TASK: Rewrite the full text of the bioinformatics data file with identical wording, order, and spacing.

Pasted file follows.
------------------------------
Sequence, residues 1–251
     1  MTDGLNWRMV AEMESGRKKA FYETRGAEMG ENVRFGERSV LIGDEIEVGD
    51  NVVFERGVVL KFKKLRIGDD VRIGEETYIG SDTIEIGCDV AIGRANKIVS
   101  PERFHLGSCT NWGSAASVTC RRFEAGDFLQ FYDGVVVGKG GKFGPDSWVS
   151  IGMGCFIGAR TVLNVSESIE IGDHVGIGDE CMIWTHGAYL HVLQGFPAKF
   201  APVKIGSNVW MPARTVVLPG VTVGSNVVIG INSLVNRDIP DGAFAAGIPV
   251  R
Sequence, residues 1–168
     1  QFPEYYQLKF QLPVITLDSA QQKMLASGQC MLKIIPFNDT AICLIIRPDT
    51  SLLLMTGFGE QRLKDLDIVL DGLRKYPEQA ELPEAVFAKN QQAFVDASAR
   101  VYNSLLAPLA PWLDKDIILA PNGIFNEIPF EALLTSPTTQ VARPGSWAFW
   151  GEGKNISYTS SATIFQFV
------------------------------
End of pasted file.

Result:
Sequence, residues 1–251
     1  MTDGLNWRMV AEMESGRKKA FYETRGAEMG ENVRFGERSV LIGDEIEVGD
    51  NVVFERGVVL KFKKLRIGDD VRIGEETYIG SDTIEIGCDV AIGRANKIVS
   101  PERFHLGSCT NWGSAASVTC RRFEAGDFLQ FYDGVVVGKG GKFGPDSWVS
   151  IGMGCFIGAR TVLNVSESIE IGDHVGIGDE CMIWTHGAYL HVLQGFPAKF
   201  APVKIGSNVW MPARTVVLPG VTVGSNVVIG INSLVNRDIP DGAFAAGIPV
   251  R
Sequence, residues 1–168
     1  QFPEYYQLKF QLPVITLDSA QQKMLASGQC MLKIIPFNDT AICLIIRPDT
    51  SLLLMTGFGE QRLKDLDIVL DGLRKYPEQA ELPEAVFAKN QQAFVDASAR
   101  VYNSLLAPLA PWLDKDIILA PNGIFNEIPF EALLTSPTTQ VARPGSWAFW
   151  GEGKNISYTS SATIFQFV